Chicken farmers reintroduce growth drugs despite public fear

James Meikle, health correspondent
Tuesday May 27, 2003
The Guardian

One in five poultry companies that abandoned the use of antibiotics to make chickens grow faster are now using them again.

Producers and retailers have quietly reintroduced growth promoters despite previously dropping them in response to public unease about the practice. The body that monitors production standards for 85%-90% of the industry is expected to sanction the practice for at least another year on the grounds that birds are falling ill without the feed additives.

Tesco, the biggest supermarket chain, has admitted it is now selling chicken reared with the antibiotics once more although it hoped all its British-produced chicken would be free of growth promoters again by September.

The move has angered campaigners determined to reduce the use of antibiotics in agriculture.

They say the government can no longer rely on industry to bring about change and the overuse of drugs in animals will endanger human health by increasing the speed at which bacteria develop resistance to antibiotics.

They are particularly concerned that superbugs, which are responsible for huge rises in infections among hospital patients, will quickly render powerless the drugs that are meant to control them.

The row over how Britain's poultry industry rears birds for the dinner table comes only days after the Guardian and BBC's Panorama programme revealed how beef proteins were routinely found in chicken imported from the Netherlands.

The Soil Association, best known as a standard-bearer for organic food, has complained to the environment secretary, Margaret Beckett, who has conceded that the way the drugs are now being used "could be illegal". She has asked veterinary medicines watchdogs to investigate.

The association has told her that using the antibiotics to control disease, as it says is now being done, is prohibited under European law. The European commission does allow their use to speed up growth, at least until 2006 when their use will be banned totally, but in 1999 companies in this country began to realise that promising not to use them would be a powerful marketing weapon.

Yet sales of growth promoters fell by only 6% between 1998 and 2001 while the use of some related veterinary products rose, according to Richard Young, the Soil Association's policy adviser on antibiotics, who is particularly worried about the continuing use of the growth promoter avilamycin, from a family of drugs that might be used to treat humans.

"It is very unfortunate that the intensive poultry industry is trying to deceive the public in this way and not preparing for the 2006 deadline," he said.

It was clear Mrs Beckett's department was not in control, he added. "The government must provide a stronger lead on this issue and give farmers more guidance and support to switch to methods of rearing animals that allow drug use to be reduced."

Assured Chicken Production, which sets standards for most of the #2.8bn-a-year British chicken industry, prohibited their use in 2000 but last year quietly allowed them back on "welfare" grounds, under the supervision of a veterinarian.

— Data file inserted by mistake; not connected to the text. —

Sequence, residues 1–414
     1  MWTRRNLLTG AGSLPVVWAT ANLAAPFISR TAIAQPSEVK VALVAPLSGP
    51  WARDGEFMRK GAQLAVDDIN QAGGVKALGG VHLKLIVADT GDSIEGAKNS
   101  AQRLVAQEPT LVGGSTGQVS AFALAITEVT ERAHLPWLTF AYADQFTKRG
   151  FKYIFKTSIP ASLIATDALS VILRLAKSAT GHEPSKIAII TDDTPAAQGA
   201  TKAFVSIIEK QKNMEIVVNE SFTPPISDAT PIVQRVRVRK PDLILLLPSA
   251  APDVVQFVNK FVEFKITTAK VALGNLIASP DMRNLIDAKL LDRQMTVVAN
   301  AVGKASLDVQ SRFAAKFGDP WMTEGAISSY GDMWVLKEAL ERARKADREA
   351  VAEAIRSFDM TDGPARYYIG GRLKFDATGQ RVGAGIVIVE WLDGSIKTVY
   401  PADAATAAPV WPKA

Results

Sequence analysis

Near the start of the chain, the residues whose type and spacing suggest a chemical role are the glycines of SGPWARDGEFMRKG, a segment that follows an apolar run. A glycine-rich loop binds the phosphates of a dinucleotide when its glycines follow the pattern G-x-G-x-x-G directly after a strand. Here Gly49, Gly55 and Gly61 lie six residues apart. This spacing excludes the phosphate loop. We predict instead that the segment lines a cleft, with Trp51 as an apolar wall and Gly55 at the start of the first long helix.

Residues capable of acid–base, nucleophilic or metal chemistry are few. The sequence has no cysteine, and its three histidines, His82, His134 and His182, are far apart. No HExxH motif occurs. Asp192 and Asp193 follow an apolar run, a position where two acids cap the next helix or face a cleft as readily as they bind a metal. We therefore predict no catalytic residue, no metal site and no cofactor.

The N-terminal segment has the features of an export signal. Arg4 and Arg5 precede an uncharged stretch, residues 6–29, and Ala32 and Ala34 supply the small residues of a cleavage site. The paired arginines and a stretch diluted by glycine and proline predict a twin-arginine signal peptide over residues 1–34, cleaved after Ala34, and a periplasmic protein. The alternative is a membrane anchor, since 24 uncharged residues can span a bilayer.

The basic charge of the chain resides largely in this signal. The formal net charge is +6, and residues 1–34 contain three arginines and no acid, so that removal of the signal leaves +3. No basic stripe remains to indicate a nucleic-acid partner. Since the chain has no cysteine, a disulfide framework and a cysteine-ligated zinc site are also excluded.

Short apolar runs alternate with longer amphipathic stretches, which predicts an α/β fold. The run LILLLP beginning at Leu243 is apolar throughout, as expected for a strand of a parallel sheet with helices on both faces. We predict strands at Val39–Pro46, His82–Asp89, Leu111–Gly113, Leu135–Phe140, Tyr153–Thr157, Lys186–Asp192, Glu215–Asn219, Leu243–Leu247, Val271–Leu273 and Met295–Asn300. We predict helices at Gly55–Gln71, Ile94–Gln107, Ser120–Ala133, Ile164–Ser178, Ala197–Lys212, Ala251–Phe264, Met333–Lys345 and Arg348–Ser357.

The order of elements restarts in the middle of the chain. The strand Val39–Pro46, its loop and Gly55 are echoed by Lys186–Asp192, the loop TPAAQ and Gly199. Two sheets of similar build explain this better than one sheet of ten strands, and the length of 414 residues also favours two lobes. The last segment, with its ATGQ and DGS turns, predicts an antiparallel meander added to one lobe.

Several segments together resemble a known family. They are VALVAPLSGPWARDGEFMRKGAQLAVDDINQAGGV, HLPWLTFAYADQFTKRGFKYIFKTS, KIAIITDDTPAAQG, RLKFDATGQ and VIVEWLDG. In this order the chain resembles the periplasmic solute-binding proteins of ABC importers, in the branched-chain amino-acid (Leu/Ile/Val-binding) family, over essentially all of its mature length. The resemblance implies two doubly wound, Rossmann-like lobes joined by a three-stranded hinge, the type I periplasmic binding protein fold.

ACP's chairman, Sir Colin Spedding, insisted: "The way we are using them... is entirely legal."

Vets, producers and retailers had complained that some flocks were developing liver damage and diarrhoea. This caused extra mess on the bird's litter in production complexes and caused more birds to suffer from hock burn on their legs.

The additives were used to prevent disease, not treat it. The 20% of companies who had taken advantage of the changed ACP rule did not do so at all times or in all flocks. They also reported a 23% drop in the use of therapeutic drugs to control illness.

"It is increasingly evident to us that there is no risk to humans from the use of avilamycin but there is a risk from the therapeutic ones. We appear to be having the effect of increasing the use of these by having a ban [on growth promoters]," Sir Colin said.

"We are inclined to say, for a small number of producers who took advantage of our derogation, they are doing it on welfare grounds, they are having a beneficial effect by reducing use of therapeutic antibiotics and they are not causing any problems to anybody."

The Grampian Country Food Group, the biggest single poultry producer whose 200 million broilers a year represent around a quarter of the home-grown chicken supply, became the first to remove growth promoters in 1999 after trials suggested that to do so would not harm the birds' welfare.

It told the Guardian last week: "Our view is that you can grow chickens without growth promoters and we will stick by that."

Marks & Spencer, among the major stores that quickly followed suit, said it had stuck by a ban on the use of growth promoters by any of its suppliers. But Tesco found that the ban had "caused welfare problems to the chickens". It had reintroduced the antibiotics while looking for alternatives.